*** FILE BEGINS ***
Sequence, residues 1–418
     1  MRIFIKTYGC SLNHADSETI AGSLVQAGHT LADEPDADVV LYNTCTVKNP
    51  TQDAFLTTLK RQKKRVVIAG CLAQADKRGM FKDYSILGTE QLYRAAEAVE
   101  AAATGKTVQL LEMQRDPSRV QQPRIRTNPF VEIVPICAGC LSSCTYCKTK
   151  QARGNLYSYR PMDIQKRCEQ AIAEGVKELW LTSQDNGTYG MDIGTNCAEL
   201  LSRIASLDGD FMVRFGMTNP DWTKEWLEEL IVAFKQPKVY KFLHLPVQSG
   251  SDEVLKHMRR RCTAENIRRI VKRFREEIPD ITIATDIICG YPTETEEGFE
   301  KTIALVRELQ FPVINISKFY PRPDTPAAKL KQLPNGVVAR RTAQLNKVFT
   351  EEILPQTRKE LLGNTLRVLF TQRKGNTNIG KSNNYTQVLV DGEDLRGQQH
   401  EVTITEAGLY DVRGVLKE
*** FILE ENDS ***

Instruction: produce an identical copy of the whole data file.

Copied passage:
Sequence, residues 1–418
     1  MRIFIKTYGC SLNHADSETI AGSLVQAGHT LADEPDADVV LYNTCTVKNP
    51  TQDAFLTTLK RQKKRVVIAG CLAQADKRGM FKDYSILGTE QLYRAAEAVE
   101  AAATGKTVQL LEMQRDPSRV QQPRIRTNPF VEIVPICAGC LSSCTYCKTK
   151  QARGNLYSYR PMDIQKRCEQ AIAEGVKELW LTSQDNGTYG MDIGTNCAEL
   201  LSRIASLDGD FMVRFGMTNP DWTKEWLEEL IVAFKQPKVY KFLHLPVQSG
   251  SDEVLKHMRR RCTAENIRRI VKRFREEIPD ITIATDIICG YPTETEEGFE
   301  KTIALVRELQ FPVINISKFY PRPDTPAAKL KQLPNGVVAR RTAQLNKVFT
   351  EEILPQTRKE LLGNTLRVLF TQRKGNTNIG KSNNYTQVLV DGEDLRGQQH
   401  EVTITEAGLY DVRGVLKE